News

March 21, 2017

Open letter to Tunisia’s premier about decline in media freedom

Prime Minister Youssef Chahed

Government of Tunisia

Place du Gouvernement, La Kasbah

1020 Tunis

Tunis, 17 March 2017


Dear Prime Minister,


Reporters Without Borders (RSF) would like to express to you its concern about the decline in media freedom in recent months in your country.


Journalists continue to share with us their difficulties in obtaining information from your government’s ministries and agencies, although Circular No. 4 of 16 January, about the operations of the information and communication offices of ministries and other governmental entities, was withdrawn on 27 February.


Earlier this month, the ministry of higher education refused to respond to the questions of Mohamed Yousfi, the editor of the Hakaek Online news website, and to his interview requests. An internal memo was also circulated within the ministry that blacklisted three media outlets.


This practice is not new. In May 2015, an education ministry directive banned journalists from entering schools. A major crisis for journalists followed in January 2016, when their work was badly hit by the application of a directive issued on the 16th of that month. The circulation of such directives sends a negative signal about the political will to create a favourable environment for the right to inform and be informed, which is protected by the constitution and regulated by a law approved in March 2015.


We would also like to share with you our deep concern about the proceedings brought by the military prosecutor under the code of military justice against three journalists, Jamel Arfaoui (of Tunisie Telegraph), Rached Khiari (of Al Sadaa) and Mohamed Hadj Mansour (of Al Thawra News). Hadj Mansour has been sentenced to nine months in prison*.

The use of a military court to prosecute and convict journalists violates international law, under which such courts should have no jurisdiction over civilians. Civilians should be tried according to international standards of due process, which are guaranteed by article 14 of the International Covenant on Civil and Political Rights and are enshrined in articles 31, 32 and 49 of Tunisia’s constitution.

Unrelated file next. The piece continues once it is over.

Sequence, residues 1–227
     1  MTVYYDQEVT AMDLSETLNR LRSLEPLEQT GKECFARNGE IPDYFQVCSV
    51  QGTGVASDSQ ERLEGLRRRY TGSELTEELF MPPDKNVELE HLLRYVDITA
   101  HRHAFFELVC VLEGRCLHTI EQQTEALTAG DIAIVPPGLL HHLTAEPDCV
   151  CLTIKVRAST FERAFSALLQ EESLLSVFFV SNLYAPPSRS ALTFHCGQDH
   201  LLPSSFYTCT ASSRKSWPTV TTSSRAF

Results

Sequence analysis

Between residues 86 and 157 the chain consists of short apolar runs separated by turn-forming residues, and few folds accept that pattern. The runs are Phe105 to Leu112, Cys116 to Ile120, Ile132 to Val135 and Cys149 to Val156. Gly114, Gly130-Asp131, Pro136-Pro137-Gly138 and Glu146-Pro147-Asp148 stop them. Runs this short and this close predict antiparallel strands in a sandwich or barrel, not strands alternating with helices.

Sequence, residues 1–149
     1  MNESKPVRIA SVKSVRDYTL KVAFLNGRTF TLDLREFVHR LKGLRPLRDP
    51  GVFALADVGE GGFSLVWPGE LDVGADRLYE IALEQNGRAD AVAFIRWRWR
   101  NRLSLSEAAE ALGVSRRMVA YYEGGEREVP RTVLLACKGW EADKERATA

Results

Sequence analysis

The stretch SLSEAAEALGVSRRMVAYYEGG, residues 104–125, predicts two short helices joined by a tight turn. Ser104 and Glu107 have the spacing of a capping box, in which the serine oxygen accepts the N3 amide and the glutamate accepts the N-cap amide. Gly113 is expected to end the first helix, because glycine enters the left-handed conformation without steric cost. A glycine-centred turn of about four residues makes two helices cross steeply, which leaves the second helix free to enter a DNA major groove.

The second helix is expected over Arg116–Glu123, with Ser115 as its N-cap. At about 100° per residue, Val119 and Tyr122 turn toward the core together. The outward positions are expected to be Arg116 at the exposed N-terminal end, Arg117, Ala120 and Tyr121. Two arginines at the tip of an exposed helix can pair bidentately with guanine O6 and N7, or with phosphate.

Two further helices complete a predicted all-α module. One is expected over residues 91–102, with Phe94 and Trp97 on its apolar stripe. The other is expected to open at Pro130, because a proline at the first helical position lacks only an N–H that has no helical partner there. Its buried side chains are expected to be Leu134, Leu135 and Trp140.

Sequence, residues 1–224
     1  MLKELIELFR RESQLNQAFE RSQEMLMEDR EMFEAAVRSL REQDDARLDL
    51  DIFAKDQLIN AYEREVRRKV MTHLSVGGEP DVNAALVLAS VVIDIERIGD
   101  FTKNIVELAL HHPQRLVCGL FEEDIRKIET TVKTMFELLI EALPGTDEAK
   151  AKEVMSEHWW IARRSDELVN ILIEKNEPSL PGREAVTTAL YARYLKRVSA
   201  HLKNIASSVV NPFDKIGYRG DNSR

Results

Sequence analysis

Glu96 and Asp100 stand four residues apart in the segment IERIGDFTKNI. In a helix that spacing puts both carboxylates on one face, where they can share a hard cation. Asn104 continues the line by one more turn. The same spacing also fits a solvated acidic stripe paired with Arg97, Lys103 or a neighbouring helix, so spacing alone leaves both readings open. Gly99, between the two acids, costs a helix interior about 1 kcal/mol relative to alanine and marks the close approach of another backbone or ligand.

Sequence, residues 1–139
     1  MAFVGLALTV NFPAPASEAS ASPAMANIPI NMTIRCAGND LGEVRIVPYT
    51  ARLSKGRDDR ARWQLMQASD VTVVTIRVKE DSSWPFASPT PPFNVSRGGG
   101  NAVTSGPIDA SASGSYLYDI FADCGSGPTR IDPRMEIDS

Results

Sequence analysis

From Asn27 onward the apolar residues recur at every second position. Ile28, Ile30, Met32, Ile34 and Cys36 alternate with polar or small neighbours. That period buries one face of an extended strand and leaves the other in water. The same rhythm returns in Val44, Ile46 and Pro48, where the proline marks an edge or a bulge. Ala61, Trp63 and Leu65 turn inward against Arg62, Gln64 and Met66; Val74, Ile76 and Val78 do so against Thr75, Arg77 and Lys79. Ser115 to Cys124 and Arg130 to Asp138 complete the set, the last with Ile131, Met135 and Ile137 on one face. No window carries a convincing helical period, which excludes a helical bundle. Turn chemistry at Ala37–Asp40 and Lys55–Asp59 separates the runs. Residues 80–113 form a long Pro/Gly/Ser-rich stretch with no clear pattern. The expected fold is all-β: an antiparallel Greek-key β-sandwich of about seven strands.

In General Comment No. 34 of July 2011, the United Nations Human Rights Committee said it was particular important that there should be no restriction on the right to express views about figures in the public and political domain, and that this should include criticism of the army, the government and other institutions.

Only Decree Law No. 115-2011 on Freedom of the Press, Printing and Publishing should be applied to cases of alleged offences via the press. No other laws should be applied to such cases. We published a study in July 2014 that explained why we regard Decree Law No. 115-2011 as the only safeguard of a minimum level of protection for media freedom and its actors. This study is still valid today.


The situation of permanent correspondents of foreign media outlets is also a source of concern. According to our sources, the security forces have been asking correspondents since mid-December to carry special permits when they travel outside the capital. Such permits were not required in the past, except in particularly sensitive areas. This kind of requirement obstructs the work of journalists, all the more so for correspondents who already have government accreditation.


We would finally like to remind the Tunisian government of the urgent need to shed all possible light on the fate of Sofiane Chourabi and Nadhir Ktari, the Tunisian journalists who disappeared in Libya in 2014. Last January, the Libyan TV channel Al Hadath relayed the account of a former Libyan Jihadi fighter, who said the two journalists were dead. This corroborates information obtained by our organization. After this report, your government said legal and diplomatic procedures had been initiated. But no further details were provided.


RSF therefore asks the Tunisian government to:


1.Stop prosecuting journalists under the code of military justice, the penal code or any other law except Decree Law No. 115-2011 on Freedom of the Press, Printing and Publishing when they are accused of committing offences via the press.


2. Stop resorting to directives and memos to blacklist media outlets and restrict the right to inform.


3. Respect journalists’ right to information, facilitate their work and set up the Access to Information Authority without delay.


4.Allow the correspondents of accredited foreign media to carry out their work freely.


5. Publish the foreign ministry’s strategy and timeframes for shedding light on the disappearance of Sofiane Chourabi and Nadhir Guetari.


6. Urgently create a mixed commission of enquiry – consisting of government and NGO representatives – into the disappearance of the two Tunisian journalists in Libya.


I thank you in advance for the attention you give to our requests.


Sincerely,

Christophe Deloire

Secretary-General


*Mohamed Hadj Mansour was released on 3 March 2017.